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International companies fare better, study says [Wisconsin State Journal]

August 18, 2008

By Marv Balousek, Wisconsin State Journal

Companies with foreign operations are earning more profits and hiring more workers than those operating only in the U.S., according to an annual survey by the RSM McGladrey accounting firm.

International companies reported gross margins 4 percent higher than those with no global strategy and were hiring workers at twice the rate of their domestic-only counterparts. The weak dollar has boosted demand for U.S. goods.

The RSM McGladrey Manufacturing and Wholesale Distribution National Survey questioned more than 960 industry executives representing 911 companies. Nearly 50 Wisconsin companies participated. RSM McGladrey has a Madison office at 8040 Excelsior Drive.

About 12 percent of the companies reported considerable international growth while 8 percent reported domestic growth.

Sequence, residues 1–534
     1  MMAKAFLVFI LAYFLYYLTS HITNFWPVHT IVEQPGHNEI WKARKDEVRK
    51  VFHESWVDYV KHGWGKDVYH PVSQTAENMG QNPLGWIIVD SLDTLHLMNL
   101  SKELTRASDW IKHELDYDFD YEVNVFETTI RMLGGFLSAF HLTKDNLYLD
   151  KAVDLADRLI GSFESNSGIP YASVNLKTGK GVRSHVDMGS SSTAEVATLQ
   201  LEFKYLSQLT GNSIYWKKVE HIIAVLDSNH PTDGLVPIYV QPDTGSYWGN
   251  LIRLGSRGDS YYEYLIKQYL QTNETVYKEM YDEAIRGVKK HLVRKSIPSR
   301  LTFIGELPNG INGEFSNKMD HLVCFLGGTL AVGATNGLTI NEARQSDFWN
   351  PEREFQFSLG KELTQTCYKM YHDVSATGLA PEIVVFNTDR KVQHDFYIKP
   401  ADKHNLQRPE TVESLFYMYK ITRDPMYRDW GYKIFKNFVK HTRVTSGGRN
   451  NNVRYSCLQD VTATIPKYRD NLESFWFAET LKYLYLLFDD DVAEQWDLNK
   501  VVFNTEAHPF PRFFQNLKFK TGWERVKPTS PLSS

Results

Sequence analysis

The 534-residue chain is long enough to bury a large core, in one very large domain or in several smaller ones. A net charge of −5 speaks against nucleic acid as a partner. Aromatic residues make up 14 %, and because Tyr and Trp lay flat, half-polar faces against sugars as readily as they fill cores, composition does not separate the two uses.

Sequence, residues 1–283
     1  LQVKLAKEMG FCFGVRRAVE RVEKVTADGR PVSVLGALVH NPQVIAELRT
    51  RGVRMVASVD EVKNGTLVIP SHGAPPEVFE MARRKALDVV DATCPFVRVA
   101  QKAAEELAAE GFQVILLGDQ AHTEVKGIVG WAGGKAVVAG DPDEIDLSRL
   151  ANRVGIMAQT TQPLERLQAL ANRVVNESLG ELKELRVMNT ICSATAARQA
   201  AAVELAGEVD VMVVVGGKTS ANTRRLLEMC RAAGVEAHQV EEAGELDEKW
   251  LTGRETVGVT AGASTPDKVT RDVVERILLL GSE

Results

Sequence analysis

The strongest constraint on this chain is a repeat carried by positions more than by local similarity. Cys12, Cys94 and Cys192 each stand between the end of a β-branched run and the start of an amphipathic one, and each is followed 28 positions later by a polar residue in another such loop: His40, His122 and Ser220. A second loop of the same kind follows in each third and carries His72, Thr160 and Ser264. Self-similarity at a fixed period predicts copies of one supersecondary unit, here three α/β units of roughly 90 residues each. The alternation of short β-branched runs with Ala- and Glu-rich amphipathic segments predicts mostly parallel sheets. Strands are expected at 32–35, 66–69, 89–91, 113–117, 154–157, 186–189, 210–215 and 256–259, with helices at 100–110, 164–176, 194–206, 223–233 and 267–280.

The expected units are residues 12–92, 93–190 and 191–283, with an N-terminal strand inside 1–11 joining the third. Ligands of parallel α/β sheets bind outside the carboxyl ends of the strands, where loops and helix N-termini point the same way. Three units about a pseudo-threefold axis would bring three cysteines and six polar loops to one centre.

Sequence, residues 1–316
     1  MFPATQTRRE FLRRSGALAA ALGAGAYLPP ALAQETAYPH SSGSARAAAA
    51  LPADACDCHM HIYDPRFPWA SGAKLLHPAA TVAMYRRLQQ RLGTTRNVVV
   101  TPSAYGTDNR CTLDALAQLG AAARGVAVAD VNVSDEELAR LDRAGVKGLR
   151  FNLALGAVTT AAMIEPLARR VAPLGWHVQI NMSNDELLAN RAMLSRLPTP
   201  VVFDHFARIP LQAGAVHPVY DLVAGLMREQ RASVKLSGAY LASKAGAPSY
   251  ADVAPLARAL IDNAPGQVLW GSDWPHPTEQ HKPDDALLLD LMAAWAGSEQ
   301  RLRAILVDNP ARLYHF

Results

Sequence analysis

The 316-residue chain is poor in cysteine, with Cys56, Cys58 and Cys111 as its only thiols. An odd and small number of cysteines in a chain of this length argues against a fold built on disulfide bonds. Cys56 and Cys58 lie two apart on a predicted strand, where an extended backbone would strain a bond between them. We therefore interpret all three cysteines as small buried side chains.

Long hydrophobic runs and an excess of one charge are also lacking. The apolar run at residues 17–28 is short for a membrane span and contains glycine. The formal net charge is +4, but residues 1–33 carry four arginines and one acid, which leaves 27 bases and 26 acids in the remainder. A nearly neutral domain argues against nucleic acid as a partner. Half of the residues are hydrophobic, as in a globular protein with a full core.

One in five companies is unable to find enough skilled workers and the demand for labor likely will increase as baby boomers retire, said Karen Kurek, managing director of RSM McGladrey’s manufacturing and wholesale distribution practice.

The survey also found growing environmental and energy awareness among the respondents. About 46 percent of the businesses said they adopted at least one green initiative and half of these businesses said their green initiative came in response to customer requests.

About 80 percent of the respondents said they’re pessimistic about prospects for U.S. economic growth and the percentage who described their business as declining has tripled in the past two years.

More than 75 percent of the respondents do not take advantage of any government programs and fewer than half were taking full advantage of tax-planning opportunities, according to the survey.

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